Intrusion detection system: In order to mitigate a man in the middle attack, you should safeguard your infrastructure with an intrusion detection system. And sys admins should practice good network hygiene, such as analyzing traffic patterns to identify unusual behavior.

You can also explore- What is an Intrusion Detection System (IDS)?

Antivirus: Use antivirus software to protect your devices from malware and thus prevent attackers from eavesdropping.

Firewall: To ensure secure internet connections, use a firewall that tracks incoming and outgoing network traffic and detects and prevents suspicious data packets based on predefined rules, allowing only genuine traffic to enter your private network.

You can also explore – What are the Different Types of Firewalls?

Conclusion

A man in the middle attack seeks to obtain confidential data such as bank account information, credit card numbers, or login credentials, which attackers can use to commit additional crimes such as identity theft or illegal fund transfers. Because man in the middle attacks occur in real-time, they frequently go undetected until it is too late. So, rather than being sorry, use the prevention techniques outlined above!

FAQs

Can a firewall protect against a man in the middle attack?

Yes, a web application firewall can protect your network from man in the middle attack.

Is encryption effective against man in the middle attack?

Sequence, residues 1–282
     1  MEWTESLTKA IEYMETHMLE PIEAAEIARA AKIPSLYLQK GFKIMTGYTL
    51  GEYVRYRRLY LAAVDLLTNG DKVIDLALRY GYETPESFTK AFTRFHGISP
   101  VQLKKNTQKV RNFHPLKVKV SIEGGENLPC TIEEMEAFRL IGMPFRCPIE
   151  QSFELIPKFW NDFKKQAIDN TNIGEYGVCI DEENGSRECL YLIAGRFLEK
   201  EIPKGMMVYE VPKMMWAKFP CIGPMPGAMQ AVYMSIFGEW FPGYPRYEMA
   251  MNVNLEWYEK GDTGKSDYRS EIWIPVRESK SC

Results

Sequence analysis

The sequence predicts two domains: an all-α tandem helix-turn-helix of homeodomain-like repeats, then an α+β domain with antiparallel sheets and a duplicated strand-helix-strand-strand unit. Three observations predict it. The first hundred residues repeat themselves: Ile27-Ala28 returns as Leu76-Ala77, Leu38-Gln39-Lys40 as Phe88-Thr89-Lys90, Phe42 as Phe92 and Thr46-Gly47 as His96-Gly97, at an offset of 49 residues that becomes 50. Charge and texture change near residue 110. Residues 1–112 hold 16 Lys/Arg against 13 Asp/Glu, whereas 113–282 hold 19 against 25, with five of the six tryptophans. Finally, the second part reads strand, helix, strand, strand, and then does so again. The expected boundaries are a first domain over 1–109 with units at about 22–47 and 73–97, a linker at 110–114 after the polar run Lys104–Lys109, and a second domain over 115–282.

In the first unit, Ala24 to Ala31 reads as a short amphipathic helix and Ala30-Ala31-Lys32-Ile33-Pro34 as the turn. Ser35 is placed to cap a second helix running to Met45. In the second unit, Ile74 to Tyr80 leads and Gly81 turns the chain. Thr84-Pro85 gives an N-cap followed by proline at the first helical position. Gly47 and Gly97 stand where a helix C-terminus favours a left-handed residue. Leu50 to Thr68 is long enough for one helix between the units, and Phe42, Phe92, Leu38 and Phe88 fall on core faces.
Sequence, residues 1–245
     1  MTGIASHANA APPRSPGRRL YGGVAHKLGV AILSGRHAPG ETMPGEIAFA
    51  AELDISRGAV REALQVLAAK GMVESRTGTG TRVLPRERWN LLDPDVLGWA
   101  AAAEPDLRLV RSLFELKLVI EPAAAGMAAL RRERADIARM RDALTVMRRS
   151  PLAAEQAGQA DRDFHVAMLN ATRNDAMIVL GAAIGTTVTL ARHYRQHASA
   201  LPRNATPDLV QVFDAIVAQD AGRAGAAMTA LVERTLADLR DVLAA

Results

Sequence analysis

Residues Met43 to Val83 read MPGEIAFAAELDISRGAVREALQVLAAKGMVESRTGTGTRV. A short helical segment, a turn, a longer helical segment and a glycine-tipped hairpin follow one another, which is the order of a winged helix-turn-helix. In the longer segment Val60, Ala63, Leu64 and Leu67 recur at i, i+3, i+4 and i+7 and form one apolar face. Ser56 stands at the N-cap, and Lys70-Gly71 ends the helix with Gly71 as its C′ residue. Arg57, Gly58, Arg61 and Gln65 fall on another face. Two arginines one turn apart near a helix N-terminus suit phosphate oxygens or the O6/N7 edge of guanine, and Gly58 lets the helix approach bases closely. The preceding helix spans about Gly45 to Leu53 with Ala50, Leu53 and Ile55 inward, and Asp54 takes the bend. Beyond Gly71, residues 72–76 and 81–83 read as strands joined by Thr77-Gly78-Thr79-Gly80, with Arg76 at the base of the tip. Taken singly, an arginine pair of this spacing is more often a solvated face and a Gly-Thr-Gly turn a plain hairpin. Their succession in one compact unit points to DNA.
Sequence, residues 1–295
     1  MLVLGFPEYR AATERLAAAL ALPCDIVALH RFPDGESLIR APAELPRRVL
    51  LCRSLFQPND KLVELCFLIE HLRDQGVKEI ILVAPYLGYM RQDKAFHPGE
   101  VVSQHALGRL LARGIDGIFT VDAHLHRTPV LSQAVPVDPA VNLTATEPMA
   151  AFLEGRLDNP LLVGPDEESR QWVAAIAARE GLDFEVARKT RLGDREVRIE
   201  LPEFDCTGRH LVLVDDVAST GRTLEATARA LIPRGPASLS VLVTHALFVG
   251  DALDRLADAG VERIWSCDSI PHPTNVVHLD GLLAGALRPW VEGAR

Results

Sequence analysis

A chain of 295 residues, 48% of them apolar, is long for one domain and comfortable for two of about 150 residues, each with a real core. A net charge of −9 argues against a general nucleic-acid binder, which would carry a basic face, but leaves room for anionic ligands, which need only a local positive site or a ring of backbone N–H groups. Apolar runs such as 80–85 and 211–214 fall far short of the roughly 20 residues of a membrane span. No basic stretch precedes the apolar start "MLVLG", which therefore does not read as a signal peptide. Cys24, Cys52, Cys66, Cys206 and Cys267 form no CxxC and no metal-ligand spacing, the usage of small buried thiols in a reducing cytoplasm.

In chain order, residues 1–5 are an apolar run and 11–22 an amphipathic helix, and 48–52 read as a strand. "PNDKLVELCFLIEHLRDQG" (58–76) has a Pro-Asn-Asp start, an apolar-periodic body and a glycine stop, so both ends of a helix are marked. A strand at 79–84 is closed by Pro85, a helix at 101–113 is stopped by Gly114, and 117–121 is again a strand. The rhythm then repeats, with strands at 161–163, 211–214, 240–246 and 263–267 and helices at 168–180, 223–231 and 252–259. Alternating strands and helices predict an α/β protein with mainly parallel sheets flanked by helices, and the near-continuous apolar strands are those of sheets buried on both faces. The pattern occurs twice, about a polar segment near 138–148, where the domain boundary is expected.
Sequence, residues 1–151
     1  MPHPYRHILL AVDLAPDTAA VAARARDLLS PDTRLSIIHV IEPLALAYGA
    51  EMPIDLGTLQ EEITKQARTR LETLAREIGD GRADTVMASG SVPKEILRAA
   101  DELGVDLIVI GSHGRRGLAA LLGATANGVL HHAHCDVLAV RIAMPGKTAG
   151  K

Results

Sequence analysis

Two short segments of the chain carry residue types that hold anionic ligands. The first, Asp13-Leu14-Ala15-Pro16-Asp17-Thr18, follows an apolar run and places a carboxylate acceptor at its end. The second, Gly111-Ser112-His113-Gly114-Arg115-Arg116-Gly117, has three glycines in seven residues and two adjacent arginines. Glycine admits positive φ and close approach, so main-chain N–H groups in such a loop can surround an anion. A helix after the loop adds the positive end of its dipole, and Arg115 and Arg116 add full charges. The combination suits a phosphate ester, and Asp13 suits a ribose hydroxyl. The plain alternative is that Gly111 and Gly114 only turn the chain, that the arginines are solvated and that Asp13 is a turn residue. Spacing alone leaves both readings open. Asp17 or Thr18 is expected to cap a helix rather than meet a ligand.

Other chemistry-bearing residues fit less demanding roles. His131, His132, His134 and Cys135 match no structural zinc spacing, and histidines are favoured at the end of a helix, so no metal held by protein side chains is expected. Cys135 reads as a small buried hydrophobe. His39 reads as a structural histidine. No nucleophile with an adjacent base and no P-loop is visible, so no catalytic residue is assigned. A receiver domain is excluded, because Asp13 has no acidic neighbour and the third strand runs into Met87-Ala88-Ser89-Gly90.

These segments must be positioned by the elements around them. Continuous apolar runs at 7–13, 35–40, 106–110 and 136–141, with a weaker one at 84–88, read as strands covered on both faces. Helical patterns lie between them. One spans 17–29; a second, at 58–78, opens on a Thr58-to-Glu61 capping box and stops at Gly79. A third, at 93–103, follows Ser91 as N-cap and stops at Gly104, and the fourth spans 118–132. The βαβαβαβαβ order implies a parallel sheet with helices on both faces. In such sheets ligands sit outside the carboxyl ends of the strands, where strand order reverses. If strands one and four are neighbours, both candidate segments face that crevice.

Encrypting the communication process is the most common way to prevent a man in the middle attack.

How can you avoid a man in the middle attack?

Various techniques, such as VPN, public key pair authentication, antivirus, firewall, and so on, can be used to prevent man in the middle attacks.

For what purpose does an attacker use the man in the middle attack?

An attacker uses man in the middle attack to eavesdrop or try to imitate one of the parties, giving the illusion that a regular sharing of information is taking place.

About the Author
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Anshuman Singh
Senior Executive - Content

Anshuman Singh is an accomplished content writer with over three years of experience specializing in cybersecurity, cloud computing, networking, and software testing. Known for his clear, concise, and informative wr... Read Full Bio